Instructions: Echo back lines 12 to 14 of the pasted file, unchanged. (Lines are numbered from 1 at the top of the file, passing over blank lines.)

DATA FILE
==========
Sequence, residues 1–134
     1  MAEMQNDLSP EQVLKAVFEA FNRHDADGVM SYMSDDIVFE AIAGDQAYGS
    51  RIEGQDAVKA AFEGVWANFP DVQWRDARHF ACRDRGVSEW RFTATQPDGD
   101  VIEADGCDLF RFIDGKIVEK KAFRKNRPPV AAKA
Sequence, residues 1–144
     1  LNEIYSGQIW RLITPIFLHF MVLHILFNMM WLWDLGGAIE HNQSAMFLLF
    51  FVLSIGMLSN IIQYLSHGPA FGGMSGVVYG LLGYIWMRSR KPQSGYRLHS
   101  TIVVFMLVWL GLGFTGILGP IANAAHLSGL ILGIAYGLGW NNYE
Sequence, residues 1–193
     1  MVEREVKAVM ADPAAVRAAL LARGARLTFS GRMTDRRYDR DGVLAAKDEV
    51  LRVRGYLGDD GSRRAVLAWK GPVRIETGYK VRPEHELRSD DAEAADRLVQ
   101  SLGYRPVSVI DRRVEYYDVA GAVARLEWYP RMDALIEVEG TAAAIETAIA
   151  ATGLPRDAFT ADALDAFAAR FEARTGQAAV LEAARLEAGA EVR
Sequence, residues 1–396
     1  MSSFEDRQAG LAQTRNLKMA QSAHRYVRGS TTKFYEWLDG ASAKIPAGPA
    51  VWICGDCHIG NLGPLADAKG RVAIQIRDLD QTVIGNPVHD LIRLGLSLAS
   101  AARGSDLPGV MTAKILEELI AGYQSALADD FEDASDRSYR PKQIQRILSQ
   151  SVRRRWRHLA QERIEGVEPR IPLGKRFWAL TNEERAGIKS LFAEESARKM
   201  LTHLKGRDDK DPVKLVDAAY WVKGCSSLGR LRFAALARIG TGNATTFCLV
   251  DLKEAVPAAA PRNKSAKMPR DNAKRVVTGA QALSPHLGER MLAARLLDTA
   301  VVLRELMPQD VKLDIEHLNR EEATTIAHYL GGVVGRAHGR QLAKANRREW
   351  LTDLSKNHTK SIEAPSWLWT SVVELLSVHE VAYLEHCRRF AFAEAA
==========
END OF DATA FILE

   101  SLGYRPVSVI DRRVEYYDVA GAVARLEWYP RMDALIEVEG TAAAIETAIA
   151  ATGLPRDAFT ADALDAFAAR FEARTGQAAV LEAARLEAGA EVR
Sequence, residues 1–396